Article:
Take The Train: Lian Li PC-CK101, Built, Tested, And...Driven?

Motherboard And CPU #1: Pulling Out The Stops

Attempt #1: Push it to the Limit

Yes, I know that a Core i7-3770K is overkill for an exhibition chassis like this one. In a gaming PC, half of the money spent on Intel's flagship Ivy Bridge-based CPU would be better diverted to a discrete graphics card, which unfortunately doesn't fit into Lian Li's whimsical locomotive case. Nevertheless, I wanted to explore the thermal limits of the enclosure, so I dropped the Core i7 into Zotac's H77-ITX WiFi motherboard.

A Wi-Fi module comes bundled with the board, so you don't have to worry about wired networking connectivity.

Neither the case nor the motherboard allow for oversized CPU coolers.

In the shot below, you can see the empty tender. We recommend removing the fan prior to mounting the motherboard, particularly since Zotac's platform sports a lot of connectors right under where that fan is positioned.

The rear panel cutout is just barely big enough for the I/O shield. Snapping it in requires considerable force.

All four motherboard standoffs are pre-mounted and sport precision threads. We had no problems inserting and tightening the enclosed screws.

We discovered that our Core i7-3770K taxes Scythe's Big Shuriken Rev.2 cooler to its limits, specifically during the CPU stress test. There isn't much room left for overclocking, to be sure. The eLoop-series Noiseblocker fan does help the heat sink and cooler though, and after 60 minutes of running LinX, the CPU temperature didn't exceed 72°C with a room temperature of 22°C (72°F). Using the original case fan, the Core i7 peaked at 74°C, which is still acceptable, we'd say.

Unfortunately, the Big Shuriken's fan is just too noisy at full processor load, which prompted us to reevaluate our CPU and motherboard choices.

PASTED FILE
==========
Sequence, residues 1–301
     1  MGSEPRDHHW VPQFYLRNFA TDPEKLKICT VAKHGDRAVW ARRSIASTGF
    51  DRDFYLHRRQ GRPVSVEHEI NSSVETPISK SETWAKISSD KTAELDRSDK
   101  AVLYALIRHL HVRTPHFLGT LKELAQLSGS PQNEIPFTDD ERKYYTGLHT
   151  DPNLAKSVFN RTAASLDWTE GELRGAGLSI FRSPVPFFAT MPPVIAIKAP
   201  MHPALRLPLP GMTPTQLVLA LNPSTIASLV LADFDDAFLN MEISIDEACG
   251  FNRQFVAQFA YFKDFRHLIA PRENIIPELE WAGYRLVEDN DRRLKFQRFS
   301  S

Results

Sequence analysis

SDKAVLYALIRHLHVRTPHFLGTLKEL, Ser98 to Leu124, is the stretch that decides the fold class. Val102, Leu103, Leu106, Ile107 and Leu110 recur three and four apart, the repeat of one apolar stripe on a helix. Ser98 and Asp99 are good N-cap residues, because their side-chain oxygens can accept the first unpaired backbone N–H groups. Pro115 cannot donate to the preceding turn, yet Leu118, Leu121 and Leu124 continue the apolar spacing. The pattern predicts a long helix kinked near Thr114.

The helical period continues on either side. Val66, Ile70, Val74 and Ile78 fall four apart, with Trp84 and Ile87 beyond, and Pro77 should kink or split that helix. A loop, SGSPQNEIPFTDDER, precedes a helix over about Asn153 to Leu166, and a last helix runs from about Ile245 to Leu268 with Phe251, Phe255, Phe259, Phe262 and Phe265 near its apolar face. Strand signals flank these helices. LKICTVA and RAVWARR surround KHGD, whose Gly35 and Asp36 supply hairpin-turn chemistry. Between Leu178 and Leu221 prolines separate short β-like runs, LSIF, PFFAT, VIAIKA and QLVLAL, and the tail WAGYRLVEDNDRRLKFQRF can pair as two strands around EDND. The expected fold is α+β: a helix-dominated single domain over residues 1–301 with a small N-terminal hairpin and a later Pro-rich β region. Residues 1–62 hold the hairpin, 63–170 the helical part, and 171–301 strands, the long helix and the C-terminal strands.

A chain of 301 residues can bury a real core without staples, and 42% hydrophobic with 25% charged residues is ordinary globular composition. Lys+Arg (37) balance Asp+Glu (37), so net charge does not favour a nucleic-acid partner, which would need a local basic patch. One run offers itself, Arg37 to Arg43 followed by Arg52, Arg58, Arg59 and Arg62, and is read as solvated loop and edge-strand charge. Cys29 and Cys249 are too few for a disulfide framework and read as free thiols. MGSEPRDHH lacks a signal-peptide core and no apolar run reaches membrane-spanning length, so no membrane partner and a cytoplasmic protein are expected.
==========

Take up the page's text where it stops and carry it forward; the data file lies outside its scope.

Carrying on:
We took a step back from our instinct to push this system's upper bounds and started thinking about a more appropriate platform to use. We'll cover that on the following page.

Look closely; the USB header cable is barely long enough to stretch over our Scythe cooler on Zotac's board. Lian Li should make this cable an inch longer to avoid connection issues.

  • Trueno07
    I am so jealous right now, this looked like it was a blast to put together!
  • slomo4sho
    I am surprised you didn't use the model with the moving train!
  • bit_user
    Not the first time I've seen it, but I still think this case is just an exercise in sheer ridiculousness.

    But since the PC era is coming to an end, who can blame Lian Li for having a little fun while they still can?
  • edogawa
    This thing is so awesome...if it wasn't for the noise I would get one...I love trains...
  • ASHISH65
    awesome! i want to drive that train
    The Little Engine That Could...
  • g-unit1111
    *Ozzy Osbourne Voice* ALL ABOARD!!! HA HA HA HA....
  • bambiboom
    Just brilliant. Finally, a computer case with a bit of style suitable for grownups.

    Taking the mobile computing theme further, and addressing the limitations on computing power, if you had a Dell Precision M6600 or 6700 laptop with a broken screen, how about mounting the components, motherboard , PSU, batteries, drives, Wifi and all? Then, there could be an i7 CPU and a Quadro 4000M, all very quiet and still getting more air than it's used to. And, appropriately, no power cord!

    The idea of a serious, self- propelled workstation steam train model seems the best use possible of this fantastic enclosure idea. That the computer is itself the game is on the borderline of being art.

    And congratulations to Igor Wallossek for an excellent description of something so wonderfully out of the ordinary.
  • shikamaru31789
    I remember when I first saw this on Newegg. I thought I'd lost my mind for a moment. It's definitely a unique case.
  • ojas
    Tom's Hardware's German team has a lot of fun, i can see :D

    Really enjoyable read, Igor! Also got to know about that Gigabyte wireless streamer, should prove useful!

    Nice house btw :)